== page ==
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Jon
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Mar 18, 2013 09:41 |  #5

The electronics thing predates 9/11 though. It started because most portable electronic devices did radiate a certain amount of RF signal (FCC Part 15 says, essentially, that your device "must not interfere with other electronics, and must be able to accept a certain amount of RF interference from other electronics"). Avionics are tested against many potential sources of RFI, but they can't test everything, or keep up with what might cause such interference (many aircraft, including the on-board electronics, are upwards of 20 years old). It's essentially the same reason hospitals are generally "no cell phone" zones.


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Mar 18, 2013 16:16 |  #6

Luxornv wrote in post #15726315 (external link)
I understand some electronics may interfere with equipment in the aircraft. However, some of these restrictions are pointless and done in the name of "safety." After the September 11th attacks, panicked people asked for someone to do something. The pointless regulations from the government are the answer.

I have heard that take offs and landings are the riskiest part of the flight, I had always assumed the 'interference' story was a ruse, what they really want is people not being distracted by electronics at those two times just in case.


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neilwood32
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Mar 19, 2013 08:34 |  #7

Jon wrote in post #15727795 (external link)
The electronics thing predates 9/11 though. It started because most portable electronic devices did radiate a certain amount of RF signal (FCC Part 15 says, essentially, that your device "must not interfere with other electronics, and must be able to accept a certain amount of RF interference from other electronics"). Avionics are tested against many potential sources of RFI, but they can't test everything, or keep up with what might cause such interference (many aircraft, including the on-board electronics, are upwards of 20 years old). It's essentially the same reason hospitals are generally "no cell phone" zones.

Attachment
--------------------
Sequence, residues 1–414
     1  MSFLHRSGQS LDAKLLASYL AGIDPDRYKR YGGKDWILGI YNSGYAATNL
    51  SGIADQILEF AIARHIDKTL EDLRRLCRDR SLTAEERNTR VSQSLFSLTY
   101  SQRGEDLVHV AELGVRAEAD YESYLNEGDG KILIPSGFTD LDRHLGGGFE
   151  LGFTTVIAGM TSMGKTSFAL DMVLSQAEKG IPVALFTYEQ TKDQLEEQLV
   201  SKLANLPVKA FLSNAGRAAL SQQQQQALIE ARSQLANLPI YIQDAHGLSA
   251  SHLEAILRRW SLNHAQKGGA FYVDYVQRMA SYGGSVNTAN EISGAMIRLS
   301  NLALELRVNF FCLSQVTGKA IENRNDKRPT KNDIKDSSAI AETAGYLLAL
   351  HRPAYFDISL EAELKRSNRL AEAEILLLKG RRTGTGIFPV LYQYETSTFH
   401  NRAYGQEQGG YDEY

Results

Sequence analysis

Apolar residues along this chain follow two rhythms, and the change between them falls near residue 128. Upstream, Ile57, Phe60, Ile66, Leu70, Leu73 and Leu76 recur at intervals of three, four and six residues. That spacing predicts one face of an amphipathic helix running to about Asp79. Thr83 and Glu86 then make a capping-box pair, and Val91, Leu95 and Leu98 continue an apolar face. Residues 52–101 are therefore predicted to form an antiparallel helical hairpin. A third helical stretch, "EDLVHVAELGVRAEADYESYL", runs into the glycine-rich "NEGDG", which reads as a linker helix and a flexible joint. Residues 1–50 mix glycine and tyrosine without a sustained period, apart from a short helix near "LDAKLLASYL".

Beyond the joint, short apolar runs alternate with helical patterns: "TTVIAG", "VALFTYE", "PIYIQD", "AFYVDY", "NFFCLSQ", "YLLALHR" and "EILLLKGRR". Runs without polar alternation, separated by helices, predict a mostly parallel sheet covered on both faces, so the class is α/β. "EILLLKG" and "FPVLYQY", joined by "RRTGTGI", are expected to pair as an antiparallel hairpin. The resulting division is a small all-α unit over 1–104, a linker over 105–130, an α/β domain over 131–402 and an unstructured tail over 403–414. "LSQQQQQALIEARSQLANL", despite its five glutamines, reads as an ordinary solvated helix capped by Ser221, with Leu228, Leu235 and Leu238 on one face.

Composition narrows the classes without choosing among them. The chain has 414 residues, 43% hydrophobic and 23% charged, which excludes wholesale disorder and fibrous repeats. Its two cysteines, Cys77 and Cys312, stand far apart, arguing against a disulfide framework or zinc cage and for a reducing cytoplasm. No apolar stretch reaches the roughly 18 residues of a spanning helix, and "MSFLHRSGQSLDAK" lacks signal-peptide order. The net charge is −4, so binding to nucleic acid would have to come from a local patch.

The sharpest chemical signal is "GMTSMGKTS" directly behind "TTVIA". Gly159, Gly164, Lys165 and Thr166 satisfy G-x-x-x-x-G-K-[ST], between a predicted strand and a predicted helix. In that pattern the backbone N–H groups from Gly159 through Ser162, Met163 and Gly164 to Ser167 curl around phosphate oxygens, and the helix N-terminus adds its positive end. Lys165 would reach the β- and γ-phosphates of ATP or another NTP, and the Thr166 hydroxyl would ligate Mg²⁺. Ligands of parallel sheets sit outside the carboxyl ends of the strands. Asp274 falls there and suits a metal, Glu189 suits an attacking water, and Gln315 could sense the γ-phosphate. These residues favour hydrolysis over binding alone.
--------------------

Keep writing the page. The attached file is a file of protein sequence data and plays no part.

Acetoolguy wrote in post #15729131 (external link)
I have heard that take offs and landings are the riskiest part of the flight, I had always assumed the 'interference' story was a ruse, what they really want is people not being distracted by electronics at those two times just in case.

As Jon has said, electrical items all do give off RF signals (it is a simple law of physics that a magnetic field will be generated by a current passing through a wire which can generate interference in another). So unless the item is shielded, there is the possibility of a problem with interference.

The reason the issues are enforced at take off/landing more stringently is that the aircraft is under most stress (with the most electronics operating and therefore susceptible to interference) and a sudden failure would leave the crew with no time to remedy a problem.


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rick_reno
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Mar 19, 2013 09:21 |  #8

I've taken lots of photos from plane seats, never been bothered. Funny Lufthansa was mentioned, I had "electronics" problems on a flight with them from Singapore to Frankfurt once.




  
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Luxornv
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Mar 21, 2013 00:11 |  #9

Acetoolguy wrote in post #15729131 (external link)
I have heard that take offs and landings are the riskiest part of the flight, I had always assumed the 'interference' story was a ruse, what they really want is people not being distracted by electronics at those two times just in case.

Logical answer, but if that's the case, they aren't being transparent about it. If that's the issue, I honestly have no problem with it. Jon also brought up a good point with many aging avionics that may not be immune to signals from modern cell phones and other devices.

Many of the other regulations are just pointless though. They were done in the name of safety, but really just make things more of a hassle than they need to be.

I also did take some pictures with a Canon Powershot SX120 IS on my trip to Vegas in Oct. last year. I kept it off during the times they said and shot out of the window while it was permitted. No one ever said anything to me. I flew Southwest. I plan on doing the same thing when I fly to Orlando in May.

Other topics though, what about photography in airports? Honestly, I'd like to do it. There is some nice architecture in some of them that is just begging for pictures.


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Mar 21, 2013 01:21 |  #10

Yeah - I'm just waiting for a comedy show to show a flight where a terrorist jumps up, and makes demands 'or else I'll turn on my cell phone' - at which point everyone gasps, and then complies. ;)